seeking knowledge and laughter, putting a bullseye on inaccuracy

The Birth of the Web

I recently finished You Say You Want a Revolution by Reed Hundt, Chairman of the FCC during Clinton's first term and the beginning of the second term. It is a fascinating and apparently candid account of how the Federal Communications Commission made decisions and dealt with the politics of DC. Beware that Hundt clearly has an ego and point of view -- one would expect nothing less from anyone in that position.

It was a fascinating time - the transition from heavily regulated cable to the birth of the Internet for the masses. It was a transition we were not destined to make merely because Sir Tim Berners-Lee invented the world wide web. Cable companies and the AT&T behemoth wanted to use advances in communications technology to build a network they would control... one where people and businesses would undoubtedly have to ask permission in order to innovate, creating new applications and uses for the network. Perhaps the best feature of the modern Internet is that no one needs to ask permission to create eBay, twitter, or stream Netflix movies... though if Comcast had its way to day, Netflix would certainly have to beg its permission to do that.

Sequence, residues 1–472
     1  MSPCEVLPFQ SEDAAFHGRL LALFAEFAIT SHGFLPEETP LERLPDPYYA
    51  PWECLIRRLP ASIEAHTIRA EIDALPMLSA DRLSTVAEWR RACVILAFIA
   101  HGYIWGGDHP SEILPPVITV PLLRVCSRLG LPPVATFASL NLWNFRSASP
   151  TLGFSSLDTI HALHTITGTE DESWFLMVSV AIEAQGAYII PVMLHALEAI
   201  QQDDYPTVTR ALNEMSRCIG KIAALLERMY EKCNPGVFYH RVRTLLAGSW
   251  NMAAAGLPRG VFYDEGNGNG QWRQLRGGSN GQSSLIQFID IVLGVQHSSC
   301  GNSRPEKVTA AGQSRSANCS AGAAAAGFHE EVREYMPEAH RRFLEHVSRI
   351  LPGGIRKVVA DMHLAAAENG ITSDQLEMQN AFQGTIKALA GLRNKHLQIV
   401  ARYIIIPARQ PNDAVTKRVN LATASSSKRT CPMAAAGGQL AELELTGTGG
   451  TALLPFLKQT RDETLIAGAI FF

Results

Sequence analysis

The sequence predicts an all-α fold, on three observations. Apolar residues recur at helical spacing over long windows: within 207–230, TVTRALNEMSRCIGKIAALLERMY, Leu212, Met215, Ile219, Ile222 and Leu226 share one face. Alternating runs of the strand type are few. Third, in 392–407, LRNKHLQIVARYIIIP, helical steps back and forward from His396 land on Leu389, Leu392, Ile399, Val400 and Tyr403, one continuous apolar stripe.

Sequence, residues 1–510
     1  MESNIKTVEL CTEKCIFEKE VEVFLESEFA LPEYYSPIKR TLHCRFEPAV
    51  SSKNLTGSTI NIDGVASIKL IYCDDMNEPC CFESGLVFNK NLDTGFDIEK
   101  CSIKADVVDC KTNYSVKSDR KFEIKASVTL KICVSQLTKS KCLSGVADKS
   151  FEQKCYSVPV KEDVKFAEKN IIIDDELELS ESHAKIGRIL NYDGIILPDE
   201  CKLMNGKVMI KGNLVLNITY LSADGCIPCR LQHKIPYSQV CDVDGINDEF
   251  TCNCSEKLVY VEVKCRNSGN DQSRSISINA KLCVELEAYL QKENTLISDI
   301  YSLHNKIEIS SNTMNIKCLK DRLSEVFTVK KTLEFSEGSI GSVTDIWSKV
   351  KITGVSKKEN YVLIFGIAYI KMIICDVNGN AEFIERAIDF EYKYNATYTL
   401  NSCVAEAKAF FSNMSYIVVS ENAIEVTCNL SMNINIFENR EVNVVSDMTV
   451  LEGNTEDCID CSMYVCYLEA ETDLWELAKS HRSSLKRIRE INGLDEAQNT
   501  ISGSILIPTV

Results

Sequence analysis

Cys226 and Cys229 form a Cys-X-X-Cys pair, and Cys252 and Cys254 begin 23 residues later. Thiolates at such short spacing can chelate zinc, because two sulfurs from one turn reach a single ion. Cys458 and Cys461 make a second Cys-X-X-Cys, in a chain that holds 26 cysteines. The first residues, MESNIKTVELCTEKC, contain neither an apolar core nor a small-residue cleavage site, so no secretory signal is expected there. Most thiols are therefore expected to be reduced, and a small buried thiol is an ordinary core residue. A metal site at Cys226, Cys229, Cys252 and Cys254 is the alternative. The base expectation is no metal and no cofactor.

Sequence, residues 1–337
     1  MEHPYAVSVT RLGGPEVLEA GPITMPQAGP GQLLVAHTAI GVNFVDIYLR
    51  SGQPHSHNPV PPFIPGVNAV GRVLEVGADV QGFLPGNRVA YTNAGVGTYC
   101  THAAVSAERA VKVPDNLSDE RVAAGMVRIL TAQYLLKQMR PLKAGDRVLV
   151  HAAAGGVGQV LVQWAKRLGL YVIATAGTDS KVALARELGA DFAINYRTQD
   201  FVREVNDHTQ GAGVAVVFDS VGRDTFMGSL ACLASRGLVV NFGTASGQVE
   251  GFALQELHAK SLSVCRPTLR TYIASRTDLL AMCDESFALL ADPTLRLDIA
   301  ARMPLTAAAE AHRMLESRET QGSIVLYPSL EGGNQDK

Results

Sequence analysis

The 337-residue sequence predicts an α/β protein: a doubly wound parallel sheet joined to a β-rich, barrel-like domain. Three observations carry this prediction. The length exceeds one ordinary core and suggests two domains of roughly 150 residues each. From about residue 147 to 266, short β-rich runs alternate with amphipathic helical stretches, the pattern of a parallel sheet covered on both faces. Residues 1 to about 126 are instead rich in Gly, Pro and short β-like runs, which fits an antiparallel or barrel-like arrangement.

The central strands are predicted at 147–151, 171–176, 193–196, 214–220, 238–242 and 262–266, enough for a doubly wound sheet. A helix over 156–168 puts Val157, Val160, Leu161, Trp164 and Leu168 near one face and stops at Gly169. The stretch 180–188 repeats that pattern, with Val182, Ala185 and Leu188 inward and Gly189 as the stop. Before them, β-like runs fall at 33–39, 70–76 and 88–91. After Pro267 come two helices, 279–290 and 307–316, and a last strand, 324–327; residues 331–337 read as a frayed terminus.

At any rate, I found this book quite believable in how the Commission operates and how real decisions are made in DC. Without some of the important decisions that are detailed in this book, we would not have the Internet we do today. That said, some of the decisions could have been better decided... but then Chairman Hundt was no dictator but rather a sort of team leader with some rather petulant teammates who were more interested in themselves than serving the public. Some things just don't change...